Updated Saturday, July 26, 2014 as of 1:04 AM ET
Portfolio - Annuities
Investing Trick: Build Your Own Annuities
Wednesday, April 30, 2014
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If you want to start a fight in a room full of financial planners, just bring up annuities. About half the room will argue that these are valuable products that offer guarantees to worried clients, the rest will contend that the guarantees are worthless and the fees are outrageous. But the truth is advisors don’t need to turn to annuity products to allay clients’ fears about market losses.

Put simply, annuities are a contract between an insurance company and an individual. They come in many shapes and sizes, ranging from very simple — such as a single-premium immediate annuity (often called a SPIA) that promises income for life in the form of a monthly guaranteed check — to mind-numbingly complex, like the fixed indexed annuity that promises equity-linked returns without risk of principal.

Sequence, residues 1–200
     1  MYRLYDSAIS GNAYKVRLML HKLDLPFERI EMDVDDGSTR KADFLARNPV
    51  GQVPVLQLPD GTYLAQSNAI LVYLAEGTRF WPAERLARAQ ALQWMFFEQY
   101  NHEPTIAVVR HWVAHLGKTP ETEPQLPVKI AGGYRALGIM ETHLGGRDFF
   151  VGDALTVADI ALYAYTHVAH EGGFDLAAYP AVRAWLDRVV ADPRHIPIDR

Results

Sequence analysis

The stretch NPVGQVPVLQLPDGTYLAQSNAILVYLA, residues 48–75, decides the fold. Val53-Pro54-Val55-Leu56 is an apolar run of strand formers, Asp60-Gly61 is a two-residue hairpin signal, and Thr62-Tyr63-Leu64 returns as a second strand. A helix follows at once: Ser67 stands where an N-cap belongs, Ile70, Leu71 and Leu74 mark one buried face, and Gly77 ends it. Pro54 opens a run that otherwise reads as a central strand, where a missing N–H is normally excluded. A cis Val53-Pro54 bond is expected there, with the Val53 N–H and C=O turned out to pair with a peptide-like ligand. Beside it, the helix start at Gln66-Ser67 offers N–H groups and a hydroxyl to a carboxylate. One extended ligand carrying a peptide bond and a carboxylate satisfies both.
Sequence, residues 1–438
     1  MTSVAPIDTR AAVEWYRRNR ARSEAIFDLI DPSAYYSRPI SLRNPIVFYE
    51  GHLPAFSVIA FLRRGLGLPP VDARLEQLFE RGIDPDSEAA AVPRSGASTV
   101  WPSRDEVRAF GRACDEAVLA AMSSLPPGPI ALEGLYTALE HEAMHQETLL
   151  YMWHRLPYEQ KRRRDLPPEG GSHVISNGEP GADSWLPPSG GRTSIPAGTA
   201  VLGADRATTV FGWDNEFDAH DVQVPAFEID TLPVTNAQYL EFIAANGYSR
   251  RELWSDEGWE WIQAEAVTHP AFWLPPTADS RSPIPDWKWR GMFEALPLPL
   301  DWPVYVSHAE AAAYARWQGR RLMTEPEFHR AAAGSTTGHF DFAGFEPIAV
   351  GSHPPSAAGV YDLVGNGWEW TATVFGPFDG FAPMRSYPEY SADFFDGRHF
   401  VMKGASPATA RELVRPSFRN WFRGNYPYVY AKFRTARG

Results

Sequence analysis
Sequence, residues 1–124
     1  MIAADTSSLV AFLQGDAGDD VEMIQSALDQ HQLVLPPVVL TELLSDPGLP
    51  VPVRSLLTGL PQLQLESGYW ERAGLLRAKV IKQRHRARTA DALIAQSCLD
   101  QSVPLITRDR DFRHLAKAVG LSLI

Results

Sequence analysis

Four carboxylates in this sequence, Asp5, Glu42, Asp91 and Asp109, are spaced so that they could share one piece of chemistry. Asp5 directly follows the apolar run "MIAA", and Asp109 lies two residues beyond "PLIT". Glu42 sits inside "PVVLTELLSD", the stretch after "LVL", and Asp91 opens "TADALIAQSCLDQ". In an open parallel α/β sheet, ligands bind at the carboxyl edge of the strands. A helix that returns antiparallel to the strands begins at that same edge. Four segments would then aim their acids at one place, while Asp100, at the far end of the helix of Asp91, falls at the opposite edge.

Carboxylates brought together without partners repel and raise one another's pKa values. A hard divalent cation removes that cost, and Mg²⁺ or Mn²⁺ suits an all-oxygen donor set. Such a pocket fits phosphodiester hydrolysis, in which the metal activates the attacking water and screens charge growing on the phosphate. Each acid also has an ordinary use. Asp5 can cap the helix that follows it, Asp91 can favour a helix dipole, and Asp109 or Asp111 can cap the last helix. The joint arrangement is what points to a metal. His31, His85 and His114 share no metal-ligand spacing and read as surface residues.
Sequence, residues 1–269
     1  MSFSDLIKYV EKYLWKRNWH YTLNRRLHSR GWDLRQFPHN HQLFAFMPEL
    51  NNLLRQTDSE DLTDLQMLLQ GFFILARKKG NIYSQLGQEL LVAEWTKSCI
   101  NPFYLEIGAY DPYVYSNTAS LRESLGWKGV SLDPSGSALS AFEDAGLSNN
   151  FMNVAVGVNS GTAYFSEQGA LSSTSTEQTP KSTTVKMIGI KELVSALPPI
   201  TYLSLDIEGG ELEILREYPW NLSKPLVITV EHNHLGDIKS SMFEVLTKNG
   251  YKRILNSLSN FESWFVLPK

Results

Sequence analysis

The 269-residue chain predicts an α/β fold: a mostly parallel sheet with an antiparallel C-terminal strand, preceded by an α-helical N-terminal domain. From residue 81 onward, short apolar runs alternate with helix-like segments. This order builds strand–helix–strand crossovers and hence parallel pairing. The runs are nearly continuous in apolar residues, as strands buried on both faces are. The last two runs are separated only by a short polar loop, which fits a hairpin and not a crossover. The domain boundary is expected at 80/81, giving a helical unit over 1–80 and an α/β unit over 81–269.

All, however, are indirect investments made through insurance companies and insurance agents, which profit as intermediaries. And those profits reduce returns for our clients. So to the extent that advisors can help clients achieve annuitylike results while cutting out the intermediaries, the clients are likely to have more money for life.

Here are some methods that will let you build your own annuity to increase your clients’ returns:

1. EQUITY-INDEXED ANNUITY

This annuity promises wealth without risk. It is usually marketed by promising part or all of the “market return,” with a guarantee not to lose principal. But since regulators require the insurance company’s assets to be invested conservatively, common sense dictates that the insurance company can only return a conservative (fairly bondlike) return — less the commissions, overhead and profits the insurance company needs to cover.